Volkswagen defies diesel and cartel scandals with strong Q3 earnings
Friday, October 27, 2017 2:18:00 PM ET
The crisis-stricken German carmaker
Volkswagen has surpassed analysts expectations on Friday with
surprisingly strong earnings figures for the third quarter (Q3) of
Operating profit in Q3 rose by 15 percent compared to the same
period last year to 4.3 billion euros (4.98 billion dollars).
Despite ongoing scandals, the Wolfsburg-based firm was hereby able
to benefit from successful cost reduction measures, as well as a
strong rise in sales in the U.S., South America and Eastern
Even after accounting for funds put aside to deal with the
legal fallout of the diesel emissions cheating scandal, Volkswagen
still recorded an operating profit of 1.7 billion euros.
Chief Financial Officer Frank Witter told press that the
earnings of the first nine months gave Volkswagen "a lot of
confidence" with view to the full years results. "This is a
strong foundation on which we can build", a statement by Witter
Traders greeted the news euphorically, leading Volkswagen
shares to leap by three percent as they led the DAX stock
exchanges rally on Friday.
Analysts identified the strong Q3 earning figures as the
delayed fruit of corporate management decisions during the past
years. "Volkswagen is a firm that appears to need a long run-up
period" said Marc-Rene Tonn of the Bank M.M. Warburg.
According to Tonn, Volkswagen was increasingly reaping the
rewards of cost-saving measures, as well as attempts to become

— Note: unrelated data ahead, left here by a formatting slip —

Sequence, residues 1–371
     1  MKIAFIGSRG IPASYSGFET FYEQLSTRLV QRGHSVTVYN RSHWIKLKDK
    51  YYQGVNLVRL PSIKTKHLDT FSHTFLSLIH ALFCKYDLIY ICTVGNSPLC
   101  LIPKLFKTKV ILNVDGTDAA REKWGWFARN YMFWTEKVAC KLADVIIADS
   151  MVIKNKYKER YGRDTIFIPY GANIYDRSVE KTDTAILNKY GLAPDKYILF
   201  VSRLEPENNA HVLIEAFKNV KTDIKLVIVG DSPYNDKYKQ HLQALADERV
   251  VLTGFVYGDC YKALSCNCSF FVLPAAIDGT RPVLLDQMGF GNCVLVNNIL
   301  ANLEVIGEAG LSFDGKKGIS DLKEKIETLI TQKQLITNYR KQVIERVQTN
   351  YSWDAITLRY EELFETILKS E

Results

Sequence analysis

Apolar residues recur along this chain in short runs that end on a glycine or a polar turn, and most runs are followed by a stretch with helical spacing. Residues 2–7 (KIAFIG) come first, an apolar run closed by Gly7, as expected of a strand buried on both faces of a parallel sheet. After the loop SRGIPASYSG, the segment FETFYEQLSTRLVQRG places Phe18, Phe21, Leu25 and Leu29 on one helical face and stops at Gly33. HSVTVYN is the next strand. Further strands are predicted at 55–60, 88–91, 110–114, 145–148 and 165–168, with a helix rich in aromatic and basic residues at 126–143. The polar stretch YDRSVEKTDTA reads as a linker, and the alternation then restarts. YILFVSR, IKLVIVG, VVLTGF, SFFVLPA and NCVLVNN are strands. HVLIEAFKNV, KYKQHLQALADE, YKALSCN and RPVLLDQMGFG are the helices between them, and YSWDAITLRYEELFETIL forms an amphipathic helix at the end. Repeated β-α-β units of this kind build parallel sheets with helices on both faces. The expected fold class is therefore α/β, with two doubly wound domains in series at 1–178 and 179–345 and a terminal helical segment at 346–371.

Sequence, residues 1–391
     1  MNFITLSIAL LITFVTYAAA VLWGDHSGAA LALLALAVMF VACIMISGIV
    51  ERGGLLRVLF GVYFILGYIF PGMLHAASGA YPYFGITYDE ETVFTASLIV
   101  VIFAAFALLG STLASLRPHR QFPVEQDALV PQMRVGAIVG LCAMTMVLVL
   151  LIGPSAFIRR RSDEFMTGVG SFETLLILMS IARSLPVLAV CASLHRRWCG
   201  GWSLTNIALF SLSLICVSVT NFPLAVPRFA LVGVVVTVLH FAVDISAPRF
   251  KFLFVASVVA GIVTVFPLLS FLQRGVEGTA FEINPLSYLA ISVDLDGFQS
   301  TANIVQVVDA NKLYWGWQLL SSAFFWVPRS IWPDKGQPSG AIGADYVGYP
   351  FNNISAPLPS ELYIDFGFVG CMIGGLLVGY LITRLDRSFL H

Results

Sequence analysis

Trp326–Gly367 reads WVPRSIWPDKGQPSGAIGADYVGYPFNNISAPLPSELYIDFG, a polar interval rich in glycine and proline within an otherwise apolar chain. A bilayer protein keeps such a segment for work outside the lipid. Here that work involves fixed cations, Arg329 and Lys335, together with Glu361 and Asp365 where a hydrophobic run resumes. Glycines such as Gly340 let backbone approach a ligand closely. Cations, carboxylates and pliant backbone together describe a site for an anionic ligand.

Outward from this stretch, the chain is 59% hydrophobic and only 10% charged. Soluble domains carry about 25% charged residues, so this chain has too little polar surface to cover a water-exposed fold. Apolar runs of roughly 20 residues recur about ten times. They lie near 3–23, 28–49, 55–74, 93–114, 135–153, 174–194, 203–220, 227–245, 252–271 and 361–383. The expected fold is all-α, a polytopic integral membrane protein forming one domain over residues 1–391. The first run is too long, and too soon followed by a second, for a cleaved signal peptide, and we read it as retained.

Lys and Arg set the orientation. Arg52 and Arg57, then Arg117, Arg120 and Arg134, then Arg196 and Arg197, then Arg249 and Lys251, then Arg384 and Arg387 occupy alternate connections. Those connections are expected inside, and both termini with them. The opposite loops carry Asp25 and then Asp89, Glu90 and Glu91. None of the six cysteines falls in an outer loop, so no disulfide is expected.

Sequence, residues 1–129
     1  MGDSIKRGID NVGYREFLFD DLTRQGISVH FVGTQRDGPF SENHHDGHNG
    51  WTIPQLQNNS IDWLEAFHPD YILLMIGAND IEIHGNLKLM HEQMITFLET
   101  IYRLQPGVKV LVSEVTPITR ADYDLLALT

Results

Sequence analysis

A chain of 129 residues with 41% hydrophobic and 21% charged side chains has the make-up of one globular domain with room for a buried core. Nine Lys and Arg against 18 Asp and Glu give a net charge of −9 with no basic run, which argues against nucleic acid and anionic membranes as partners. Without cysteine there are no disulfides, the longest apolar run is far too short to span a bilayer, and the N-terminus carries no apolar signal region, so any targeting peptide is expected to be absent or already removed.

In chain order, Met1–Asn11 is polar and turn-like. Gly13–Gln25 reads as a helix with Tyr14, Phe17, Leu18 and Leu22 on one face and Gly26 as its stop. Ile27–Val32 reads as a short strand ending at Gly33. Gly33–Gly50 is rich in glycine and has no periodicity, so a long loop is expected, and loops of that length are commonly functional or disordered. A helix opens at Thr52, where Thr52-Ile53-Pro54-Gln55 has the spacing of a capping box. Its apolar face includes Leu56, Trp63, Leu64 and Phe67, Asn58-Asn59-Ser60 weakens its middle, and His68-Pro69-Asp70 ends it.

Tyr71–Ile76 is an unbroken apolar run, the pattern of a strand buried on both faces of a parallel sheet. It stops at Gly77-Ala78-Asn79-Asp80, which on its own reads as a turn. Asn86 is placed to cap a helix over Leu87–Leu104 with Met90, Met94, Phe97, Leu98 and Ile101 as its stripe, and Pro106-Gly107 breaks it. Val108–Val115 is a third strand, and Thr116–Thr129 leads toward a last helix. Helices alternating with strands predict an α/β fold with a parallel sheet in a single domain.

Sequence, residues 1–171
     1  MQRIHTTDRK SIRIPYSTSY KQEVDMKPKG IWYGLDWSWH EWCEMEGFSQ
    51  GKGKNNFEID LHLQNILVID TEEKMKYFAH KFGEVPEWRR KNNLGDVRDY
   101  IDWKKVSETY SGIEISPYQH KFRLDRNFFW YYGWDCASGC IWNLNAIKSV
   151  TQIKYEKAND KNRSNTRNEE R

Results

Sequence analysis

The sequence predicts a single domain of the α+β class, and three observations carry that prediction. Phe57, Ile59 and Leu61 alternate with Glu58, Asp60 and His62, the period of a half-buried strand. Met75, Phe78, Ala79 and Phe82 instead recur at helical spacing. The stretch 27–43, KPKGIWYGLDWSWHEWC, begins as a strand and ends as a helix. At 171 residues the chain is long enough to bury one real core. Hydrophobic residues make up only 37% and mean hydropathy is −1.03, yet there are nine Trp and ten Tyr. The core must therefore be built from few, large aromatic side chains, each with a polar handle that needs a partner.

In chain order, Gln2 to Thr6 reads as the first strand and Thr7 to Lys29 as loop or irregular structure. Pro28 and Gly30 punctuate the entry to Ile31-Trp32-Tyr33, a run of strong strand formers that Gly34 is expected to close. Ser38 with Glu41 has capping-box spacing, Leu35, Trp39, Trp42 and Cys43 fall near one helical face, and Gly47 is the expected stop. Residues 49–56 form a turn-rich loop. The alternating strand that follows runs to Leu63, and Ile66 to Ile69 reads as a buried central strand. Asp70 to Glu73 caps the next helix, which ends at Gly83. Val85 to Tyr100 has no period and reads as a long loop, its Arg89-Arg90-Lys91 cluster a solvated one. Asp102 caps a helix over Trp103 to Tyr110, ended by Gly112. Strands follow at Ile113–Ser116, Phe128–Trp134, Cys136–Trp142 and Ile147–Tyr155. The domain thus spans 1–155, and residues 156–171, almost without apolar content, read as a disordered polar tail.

more efficient by using identical vehicle parts across the
Volkswagen Groups numerous brands. As a consequence, the flagship
brand Volkswagen had doubled its operative return from 1.5 percent
in Q3 2016 to 3.8 percent this year.
Arnd Ellinghorst, head of global automotive research at the
investment firm Evercore ISI, pointed out that Volkswagen had
already paid 17.5 billion euros in settlements related to the
"dieselgate" scandal. Ellinghorst argued that the fact the firm
retained net liquidity of 25.4 regardless of these costs was
"simply amazing". He further voiced confidence that Volkswagen
still had substantial potential to create a more efficient
Stefan Bauknecht, Chief Stock Analyst at Deutsche Banks Asset
Management branch, was similarly impressed by Volkswagens
management. "I would not have thought that the Cash-Flow would
develop so strongly, especially against the background of recent
costs of 2.5 billion caused by Dieselgate" Bauknecht said.
Nord LB analyst Frank Schwope warned however that the
Wolfsburg-based concern may still discover an urgent need to draw
down its large cash reserves if presented with additional fines in
the "dieselgate" scandal.
Including fines as well as compensatory investments in electric
mobility, Volkswagen has already had to set aside 25.2 billion
euros in the U.S. alone to resolve the diesel emissions cheating
Nevertheless, Schwope estimated that the final cost could
ultimately rise as a high as 35 billion euros. Furthermore,
Volkswagen could face expensive additional anti-trust as a
consequence of the European Unions running investigation into
allegations of illegal industry collusion between German carmakers
during the 1990s.